US$2bn US$1 trillion



Can Singapore emerge as a carbon trading hub for Africa?

Singapore is a leading Asian financial hub that has ambitions to become an international carbon credit trading centre. In June 2023, it launched the Climate Impact X (CIX), a global carbon exchange and marketplace to facilitate the trade in carbon credits. The exchange, which is focusing on the trading of offsets from nature-based climate projects initially, has successfully facilitated the trade of over 12000 tons of carbon credit through a standardised contract which bundled 11 forest conservation projects, including a Kenyan one under the UN Redd+ scheme. Each standardised contract, which is called CNX, is worth a 1000 carbon credits. By launching CIX and guaranteeing ‘high integrity’ carbon credits, Singapore aims to tap the US$2 billion a year voluntary carbon market and restore investor confidence that has been spooked by allegations of ‘green washing’ and lack of standards in the certification of carbon credits. Climate activists have accused corporations of using carbon offset schemes to delay making the transition to clean fuel. Until recently, the voluntary carbon market was showing promising growth as more listed companies came under shareholder pressure to adopt net zero policies. But as criticism grew louder companies began to back out. The number of credits used by companies fell 6% in the first half of 2023, the first dip in seven years. Energy giant Shell is the latest to scrap plans to buy carbon credit offsets.[7]

Despite such setbacks, Singapore is moving fast to outflank competition in the carbon market. Singapore-based ACX, a carbon credit trading platform, and the Nairobi International Finance Centre (NIFC) are soon to start Kenya's first carbon offset exchange. 25% of all carbon trading activity in Africa today occurs in Kenya.[8] By hosting the African Voluntary Carbon Credits Market Forum, the Victoria Falls Stock Exchange of Zimbabwe has also shown its intention to become a prominent hub for carbon credit trading. Singapore, however, believes it is better positioned to emerge as a carbon services hub than many others given its global reputation as a trusted and highly developed financial centre and technocratic administration. It sees US$1.8 billion- US$ 5.6 billion worth of new economic opportunities being created over the next 30 years. At US$20 per metric ton, the average price of carbon credit is woefully low. According to the World Bank reckons less than 5% of emissions are priced at or above the level that would be required, by 2030, for temperature increases to be limited to 2°C above pre-industrial levels. But as the world moves towards a carbon neutral future the price is expected to increase. That could spark demand for a range of high value services that Singapore already provides as well as new ones for which it is gearing up.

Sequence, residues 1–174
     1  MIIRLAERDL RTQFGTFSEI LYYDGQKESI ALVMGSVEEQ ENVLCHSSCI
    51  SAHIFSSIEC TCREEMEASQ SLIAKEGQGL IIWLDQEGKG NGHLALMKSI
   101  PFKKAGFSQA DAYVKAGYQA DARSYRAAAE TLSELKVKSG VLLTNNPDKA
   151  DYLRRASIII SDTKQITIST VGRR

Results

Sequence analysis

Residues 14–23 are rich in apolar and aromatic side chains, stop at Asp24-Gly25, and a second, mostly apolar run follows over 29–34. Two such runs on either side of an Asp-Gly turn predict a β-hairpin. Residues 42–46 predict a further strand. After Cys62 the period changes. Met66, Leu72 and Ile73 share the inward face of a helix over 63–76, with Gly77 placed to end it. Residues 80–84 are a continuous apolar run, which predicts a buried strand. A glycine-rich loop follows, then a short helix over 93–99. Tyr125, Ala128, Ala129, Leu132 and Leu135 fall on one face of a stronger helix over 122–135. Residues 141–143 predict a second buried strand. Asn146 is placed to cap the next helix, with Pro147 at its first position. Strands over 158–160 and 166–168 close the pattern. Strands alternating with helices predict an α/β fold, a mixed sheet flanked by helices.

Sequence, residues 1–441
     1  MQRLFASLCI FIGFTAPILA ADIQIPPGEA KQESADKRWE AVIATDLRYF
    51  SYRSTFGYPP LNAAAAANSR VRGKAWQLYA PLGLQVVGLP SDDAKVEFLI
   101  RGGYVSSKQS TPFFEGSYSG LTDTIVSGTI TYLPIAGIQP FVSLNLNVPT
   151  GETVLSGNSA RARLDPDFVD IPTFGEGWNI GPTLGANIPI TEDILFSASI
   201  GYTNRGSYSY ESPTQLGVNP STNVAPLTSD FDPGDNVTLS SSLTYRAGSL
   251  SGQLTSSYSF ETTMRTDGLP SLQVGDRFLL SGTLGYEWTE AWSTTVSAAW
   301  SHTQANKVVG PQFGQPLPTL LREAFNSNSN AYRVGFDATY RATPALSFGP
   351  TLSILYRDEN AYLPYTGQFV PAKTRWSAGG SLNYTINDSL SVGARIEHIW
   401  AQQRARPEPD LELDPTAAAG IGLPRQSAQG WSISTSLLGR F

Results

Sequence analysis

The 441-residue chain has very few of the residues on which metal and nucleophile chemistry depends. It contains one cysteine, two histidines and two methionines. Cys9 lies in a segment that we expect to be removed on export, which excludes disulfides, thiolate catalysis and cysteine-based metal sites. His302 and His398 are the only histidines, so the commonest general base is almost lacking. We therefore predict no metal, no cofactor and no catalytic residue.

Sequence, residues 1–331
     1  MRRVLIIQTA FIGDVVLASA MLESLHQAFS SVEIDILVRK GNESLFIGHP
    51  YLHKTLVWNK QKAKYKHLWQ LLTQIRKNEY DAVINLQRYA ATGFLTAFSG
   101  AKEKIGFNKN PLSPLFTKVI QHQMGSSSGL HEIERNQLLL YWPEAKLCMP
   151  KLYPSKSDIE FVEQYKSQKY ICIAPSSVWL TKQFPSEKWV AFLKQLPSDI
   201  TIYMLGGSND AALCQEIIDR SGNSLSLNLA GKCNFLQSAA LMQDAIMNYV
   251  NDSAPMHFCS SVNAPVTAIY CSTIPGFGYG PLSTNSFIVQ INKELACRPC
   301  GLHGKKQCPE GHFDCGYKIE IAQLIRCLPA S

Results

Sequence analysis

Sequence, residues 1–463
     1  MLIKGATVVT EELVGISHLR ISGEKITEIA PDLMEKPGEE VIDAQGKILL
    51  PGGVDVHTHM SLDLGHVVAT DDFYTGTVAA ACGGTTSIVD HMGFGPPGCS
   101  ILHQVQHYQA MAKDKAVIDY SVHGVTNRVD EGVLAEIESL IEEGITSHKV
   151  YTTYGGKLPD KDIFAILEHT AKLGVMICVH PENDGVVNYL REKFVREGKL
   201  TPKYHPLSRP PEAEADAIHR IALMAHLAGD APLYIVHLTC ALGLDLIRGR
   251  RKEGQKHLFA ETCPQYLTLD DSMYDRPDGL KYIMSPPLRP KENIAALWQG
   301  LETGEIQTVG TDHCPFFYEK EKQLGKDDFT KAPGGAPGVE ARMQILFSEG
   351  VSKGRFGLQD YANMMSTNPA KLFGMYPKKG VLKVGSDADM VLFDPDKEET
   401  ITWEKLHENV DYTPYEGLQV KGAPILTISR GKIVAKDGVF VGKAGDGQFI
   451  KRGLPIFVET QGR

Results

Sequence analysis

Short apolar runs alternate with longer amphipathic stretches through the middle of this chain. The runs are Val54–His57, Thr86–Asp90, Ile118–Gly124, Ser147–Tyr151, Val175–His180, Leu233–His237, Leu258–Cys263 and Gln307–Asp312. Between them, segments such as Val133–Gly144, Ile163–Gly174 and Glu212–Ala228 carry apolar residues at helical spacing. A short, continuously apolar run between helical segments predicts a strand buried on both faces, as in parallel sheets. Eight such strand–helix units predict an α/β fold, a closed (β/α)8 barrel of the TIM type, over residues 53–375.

Price of carbon per ton

Current US$ If all countries adopt compliance scheme by 2050 US$ If only those with existing scheme adopt compliance scheme by 2050 US$
Average 20 Regions with existing compliance schemes 250 Average 20
EU/US Average 80-140 Regions with no existing compliance schemes 82   
Minimum floor price range required to keep global warming within the 2 Degree C limit, as provided under the Paris Agreement 40-80     
Minimum floor price range demanded by African leaders 30-100     

Source: Study of Singapore as a Carbon Services Hub, South Pole 2021; Bloomberg et al

The launch of CIX comes as Singapore allows its firms to international carbon credit to offset up to 5% of taxable emissions, in lieu of paying the carbon tax, which is set at US$4 per ton of carbon. But this will be raised to US$19 by 2025, and then US$34 in 2026 and beyond. The plan is for the carbon tax to reach between US$38 and US$60 per ton of carbon by 2030. Singapore aims to reach its net-zero emission target by 2050 and has shown a certain drive by achieving a reduction of over 32% per cent below its business-as-usual expectation in 2020. Its current emissions are a little over 52 million tonnes, which is expected to peak at over 65 million tonnes over the next seven years before tamping down.[9] The small island city-state which spans a little over 719km2 in size contributes only 0.1% to global emissions. Yet it has one of the biggest per capita carbon footprints in the world. 95% of its electricity comes from imported natural gas and it contributes 43% of the island’s GHG emissions. Singapore also hosts more than half of the data centres in Southeast Asia. These data centres consume inordinate amount of electricity. But unlike other Asian countries Singapore does not subsidise fossil fuel. The number of vehicles on the road have been kept in check through a strictly controlled quota system that makes car ownership in Singapore prohibitively expensive. It has pledged to reduce Emissions Intensity (EI) by 36% from 2005 baseline by 2030.

Where is the opportunity?